In Dyson, the court of criminal appeals considered whether a self-defense instruction was required when the evidence established provocation as a matter of law. 672 S.W.2d at 463–64. Dyson testified he wanted to fight his brother and later yelled at him to “come out and fight” after his brother had retreated. Id. at 461–62. Officers responded to the scene and went to the front door of Dyson's residence. Id. at 462. According to Dyson, he saw an “image or shadow at the door,” and thinking it was his brother, he fired in that direction. Id. Dyson testified that his brother had access to guns and that he believed he “was coming around to try to shoot me[.]” Id. The court noted that “the [defendant's] intent is crucial in determining whether provocation has been established as a matter of law[,]” and that the defendant “expressly stated that his intent was to fight [the victim.]” Id. at 464. Therefore, the Dyson court held that provocation was established as a matter of law and that the defendant was not entitled to a self-defense instruction. Id.
Similarly, in Bonner, this Court concluded that the trial court did not err in denying a self-defense instruction where provocation was established as a matter of law. 2015 WL 4141114, at *3. The defendant, Dedrick Bonner, testified that he went to the victim's apartment with a co-defendant with the intent to engage in a physical confrontation. Id. at *1. During the confrontation, Bonner claimed that the victim approached him “clutching knives in both hands” and that he responded by shooting the victim. Id. We concluded that the evidence established provocation as a matter of law because Bonner's expressed intent was to engage in a physical altercation with the victim. Id. at *3. Accordingly, we held that Bonner's actions “extinguish [ed] any possible claim of self-defense.” Id. (citing Dyson, 672 S.W.2d at 463).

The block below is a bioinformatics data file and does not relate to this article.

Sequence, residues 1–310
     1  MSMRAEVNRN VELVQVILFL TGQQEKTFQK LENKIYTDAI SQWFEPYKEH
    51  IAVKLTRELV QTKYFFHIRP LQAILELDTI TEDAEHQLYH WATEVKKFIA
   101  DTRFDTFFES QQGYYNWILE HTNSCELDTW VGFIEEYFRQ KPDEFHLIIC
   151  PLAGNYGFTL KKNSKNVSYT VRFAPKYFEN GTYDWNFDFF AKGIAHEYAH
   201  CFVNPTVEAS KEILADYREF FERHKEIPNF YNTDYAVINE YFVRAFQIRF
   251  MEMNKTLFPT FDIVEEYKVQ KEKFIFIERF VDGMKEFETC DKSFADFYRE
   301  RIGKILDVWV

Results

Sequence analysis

Like Dyson and Bonner, the evidence in the present case, viewed in the light most favorable to appellant, establishes appellant's intent to provoke the altercation as a matter of law. It is undisputed that appellant returned to Avitia's home shortly after an earlier fight with Avitia and forcibly entered the habitation by breaking down the door. Appellant admitted he was upset that he had lost the earlier fight and he “messed up” by returning to the residence. While appellant did not explicitly say that he intended to provoke a second physical altercation, his intent to do so was clearly established by his admissions to law enforcement. See Halbert, 881 S.W.2d at 126 (explaining that if the evidence clearly establishes the intent to provoke and the defendant does not present any counter-evidence, provocation is established as a matter of law). Additionally, neither the State nor appellant introduced any evidence that would indicate a contrary intent. Cf. Semaire v. State, 612 S.W.2d 528, 531 (Tex. Crim. App. 1980) (“Inasmuch as the appellant expressly denied any intent to harm his wife when he broke into the apartment, the evidence created only a question for the jury on provocation.”). We conclude that the evidence establishes that appellant provoked Avitia's use of force as a matter of law. See Halbert, 881 S.W.2d at 126. Further, there was no evidence that appellant attempted to abandon the encounter or that he communicated his intent do so. See TEX. PENAL CODE ANN. § 9.31(b)(4). Therefore, the trial court did not err in denying a self-defense instruction. See Shaw, 243 S.W.3d at 658.
We overrule appellant's sole issue.
We affirm the trial court's judgment.
1. Because this is a memorandum opinion and the parties are familiar with the facts, we will not recite them here except as necessary to advise the parties of the Court's decision and the basic reasons for it. See TEX. R. APP. P. 47.4.
2. The State disputed appellant's version of events at trial and maintained that it was appellant who brought the firearm to Avitia's residence. However, in determining whether a self-defense instruction was raised by the evidence, we must view the evidence in the light most favorable to the defendant. Ferrel v. State, 55 S.W.3d 586, 591 (Tex. Crim. App. 2001).
LETICIA HINOJOSA Justice